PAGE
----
Screenwriting : Nicholl Fellowship Winners Comments Varied on Experience by Alan Rubinoff

Alan Rubinoff

Nicholl Fellowship Winners Comments Varied on Experience

Question #2: How many screenplays did you write prior writing this finalist script? Finalist # 1: About six or seven and probably a dozen or so shorts. Finalist # 2: None. This was my first screenplay. Finalist # 3 & 4: Twelve individual feature scripts between the two of us, before joining up to write this script our first collaboration. Finalist # 5: I'd written atleast a draft of ten other projects before writing this one. Finalist # 6: I wrote like 20 scripts before my finalist script. I'd say 4 of them were any good. Finalist # 7 & 8: This was our second feature together, but prior to that we separately witten dozens of TV pilots and features. Finalist #9: I wrote four screenplays before writing my finalist script.

Danny Manus

SEE! With the exception of ONE finalist, every single one oft hem had written at least half a dozen scripts if not over 10. People are finishing their first script and wondering why they're not winning. Because it doesn't happen. ONE writer - out of 7800 - was able to write a first script that was good enough to win. ONE out of 7800!

William Martell

There is a point where the dream is self delusion and self destructive. When Hemingway said a writer needs a good built in bullshit detector, he wasn't talking about detecting other people's BS, he was talking about the writer being able to detect their own BS. Most writers would rather dream than wake up and get to work improving their craft. If you go into it realizing that it might take you 10 or more screenplays, you won't be disappointed when that ends up being true... and if you really do manage to break in with fewer screenplays it's a great thing. Thinking you're going to break in on a couple of scripts is just setting yourself up for disappointment.

Danny Manus

Well said, my friend.

Richard Toscan

A great post and a good message for beginning screenwriters. Only one of these 9 was a finalist with a first spec script. Yes, lightning can strike you right out of the box, but the odds are about the same as winning the lottery (or for that matter, being struck by actual lightning).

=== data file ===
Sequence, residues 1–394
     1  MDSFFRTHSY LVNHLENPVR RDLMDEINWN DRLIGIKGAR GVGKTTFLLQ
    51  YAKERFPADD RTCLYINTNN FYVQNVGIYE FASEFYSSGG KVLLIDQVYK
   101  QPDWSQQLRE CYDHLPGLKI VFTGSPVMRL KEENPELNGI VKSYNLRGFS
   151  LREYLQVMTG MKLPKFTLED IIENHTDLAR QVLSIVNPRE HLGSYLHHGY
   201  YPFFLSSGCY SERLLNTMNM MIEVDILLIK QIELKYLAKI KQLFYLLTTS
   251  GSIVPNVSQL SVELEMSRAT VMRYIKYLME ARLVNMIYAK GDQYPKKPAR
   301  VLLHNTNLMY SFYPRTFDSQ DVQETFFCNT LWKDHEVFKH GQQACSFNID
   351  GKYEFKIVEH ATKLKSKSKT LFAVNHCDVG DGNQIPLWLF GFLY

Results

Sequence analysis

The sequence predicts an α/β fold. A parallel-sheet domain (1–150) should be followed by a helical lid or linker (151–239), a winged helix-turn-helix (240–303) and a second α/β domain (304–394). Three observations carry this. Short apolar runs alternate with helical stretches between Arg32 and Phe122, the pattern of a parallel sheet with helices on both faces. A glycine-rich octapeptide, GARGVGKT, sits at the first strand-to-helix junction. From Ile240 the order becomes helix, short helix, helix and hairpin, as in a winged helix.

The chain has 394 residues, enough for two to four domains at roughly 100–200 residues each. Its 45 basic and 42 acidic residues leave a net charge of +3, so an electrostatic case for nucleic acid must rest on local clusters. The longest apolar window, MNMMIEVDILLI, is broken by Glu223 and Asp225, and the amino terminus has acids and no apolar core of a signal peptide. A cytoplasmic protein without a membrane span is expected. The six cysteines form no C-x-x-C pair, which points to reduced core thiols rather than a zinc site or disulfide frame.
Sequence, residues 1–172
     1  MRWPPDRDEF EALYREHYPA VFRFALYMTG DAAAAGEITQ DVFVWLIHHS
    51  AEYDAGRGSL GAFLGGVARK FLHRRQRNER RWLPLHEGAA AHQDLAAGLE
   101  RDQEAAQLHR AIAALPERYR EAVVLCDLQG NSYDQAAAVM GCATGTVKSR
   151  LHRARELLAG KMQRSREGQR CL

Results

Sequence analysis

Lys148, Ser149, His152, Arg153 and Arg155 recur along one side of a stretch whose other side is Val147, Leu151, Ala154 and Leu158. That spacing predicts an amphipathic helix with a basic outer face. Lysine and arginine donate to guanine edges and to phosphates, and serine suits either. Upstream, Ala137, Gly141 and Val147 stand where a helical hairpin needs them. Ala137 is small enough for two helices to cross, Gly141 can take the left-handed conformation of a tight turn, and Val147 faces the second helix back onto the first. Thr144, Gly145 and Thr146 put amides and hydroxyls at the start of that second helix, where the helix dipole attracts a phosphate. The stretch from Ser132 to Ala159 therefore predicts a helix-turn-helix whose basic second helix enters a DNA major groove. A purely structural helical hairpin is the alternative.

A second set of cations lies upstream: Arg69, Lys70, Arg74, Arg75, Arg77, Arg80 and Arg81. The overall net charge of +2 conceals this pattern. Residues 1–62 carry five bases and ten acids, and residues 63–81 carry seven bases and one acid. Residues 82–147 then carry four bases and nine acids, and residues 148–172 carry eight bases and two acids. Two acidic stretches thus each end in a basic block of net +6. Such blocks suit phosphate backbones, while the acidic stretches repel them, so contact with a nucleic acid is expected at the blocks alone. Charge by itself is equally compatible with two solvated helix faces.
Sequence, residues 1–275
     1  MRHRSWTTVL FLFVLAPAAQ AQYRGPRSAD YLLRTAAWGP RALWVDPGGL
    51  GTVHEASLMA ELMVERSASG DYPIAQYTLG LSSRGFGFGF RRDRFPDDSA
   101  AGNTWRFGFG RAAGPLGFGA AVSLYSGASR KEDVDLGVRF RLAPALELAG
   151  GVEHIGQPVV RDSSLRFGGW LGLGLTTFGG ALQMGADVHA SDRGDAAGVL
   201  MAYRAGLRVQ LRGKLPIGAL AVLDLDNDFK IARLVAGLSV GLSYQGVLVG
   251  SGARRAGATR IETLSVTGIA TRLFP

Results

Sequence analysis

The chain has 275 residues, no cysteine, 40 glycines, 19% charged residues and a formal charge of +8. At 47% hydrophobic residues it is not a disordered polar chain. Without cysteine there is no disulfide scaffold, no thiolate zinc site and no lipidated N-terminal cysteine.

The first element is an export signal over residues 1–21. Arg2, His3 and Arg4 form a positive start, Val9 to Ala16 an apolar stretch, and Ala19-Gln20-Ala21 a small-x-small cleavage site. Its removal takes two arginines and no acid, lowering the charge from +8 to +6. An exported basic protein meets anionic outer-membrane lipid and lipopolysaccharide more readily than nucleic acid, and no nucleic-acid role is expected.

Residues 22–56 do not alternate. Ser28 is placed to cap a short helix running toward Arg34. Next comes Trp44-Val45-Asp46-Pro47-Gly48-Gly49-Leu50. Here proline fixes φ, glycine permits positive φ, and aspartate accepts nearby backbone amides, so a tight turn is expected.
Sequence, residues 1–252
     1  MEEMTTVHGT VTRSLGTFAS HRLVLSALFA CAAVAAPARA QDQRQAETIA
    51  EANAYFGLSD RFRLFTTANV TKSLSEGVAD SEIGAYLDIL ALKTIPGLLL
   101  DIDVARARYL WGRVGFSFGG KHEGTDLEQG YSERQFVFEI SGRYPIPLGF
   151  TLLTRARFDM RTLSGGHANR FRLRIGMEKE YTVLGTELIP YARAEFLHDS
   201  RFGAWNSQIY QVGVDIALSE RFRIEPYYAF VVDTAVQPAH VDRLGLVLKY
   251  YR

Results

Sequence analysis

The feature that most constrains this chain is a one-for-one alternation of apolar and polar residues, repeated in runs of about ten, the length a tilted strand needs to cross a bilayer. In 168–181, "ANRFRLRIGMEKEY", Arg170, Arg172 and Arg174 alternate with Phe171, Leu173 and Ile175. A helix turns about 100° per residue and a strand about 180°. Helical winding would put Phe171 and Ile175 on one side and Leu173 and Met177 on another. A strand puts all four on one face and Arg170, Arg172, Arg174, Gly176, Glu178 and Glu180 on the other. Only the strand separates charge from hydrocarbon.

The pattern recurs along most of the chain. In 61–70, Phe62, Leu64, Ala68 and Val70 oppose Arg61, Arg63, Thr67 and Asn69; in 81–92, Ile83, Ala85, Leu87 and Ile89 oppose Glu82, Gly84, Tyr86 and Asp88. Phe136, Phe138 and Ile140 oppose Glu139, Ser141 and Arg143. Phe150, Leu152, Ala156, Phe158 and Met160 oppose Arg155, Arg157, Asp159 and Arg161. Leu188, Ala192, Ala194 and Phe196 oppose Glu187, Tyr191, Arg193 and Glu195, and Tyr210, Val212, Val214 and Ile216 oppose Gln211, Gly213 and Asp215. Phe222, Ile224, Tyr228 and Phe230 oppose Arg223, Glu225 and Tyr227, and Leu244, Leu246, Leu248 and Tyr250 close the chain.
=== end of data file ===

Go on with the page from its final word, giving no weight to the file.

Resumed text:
Mario Leone

Make goals instead of dreams. Nurture the goals. Do three small goals a day to take you to the big ones. Understand small goals have no momentum.

CJ Walley

The question was: How many screenplays did you write prior writing this finalist script? Finalist #2 answered: None. This was my first screenplay. Yes there is the possibility this writer sat down completely green to screenwriting, wrote a script, submitted it to Nicholl, and reached the finals. Which is pretty cool, no doubt. But their answer can also be taken a few ways. The answer specifies screenplay. They could have written countless stageplays and dozens of novels before that. The answer could be technically correct in terms of when they started their first draft, but fail to explain the dozens of other stories written while redrafting. I'm sure many of us could claim a far fewer number of screenplays written before our more successful scripts if we want to. I know I can. I know that reads a little skeptical on my part, but claiming to have an abnormal degree of natural talent is something a lot of successful screenwriters do. It's a cynical practice exercised from Nicholl winners to Oscar winners. The question we have to ask ourselves is, who would we rather be? The writer who's success can only be attributed to an intangible subconscious ability and luck, or the writer who worked out how to get there over a period of study and can likely get close to that goal over and over? Who is more desirable to the industry?

Lina Jones

It is most definitely varied.

Jenny Masterton

I'd be surprised if it didn't vary.

Cherie Grant

I don't see that much variation, but finalist 2. The rest all wrote numerous scripts before winning. I too doubt number two just sat down and wrote the winning script with no writing experience.

Mike Romoth

Thanks for all the real talk, fellow S32 people. I'm about to dig into number 5 and this discussion helps me do so without feeling like a failure.

Jeremy Thornhill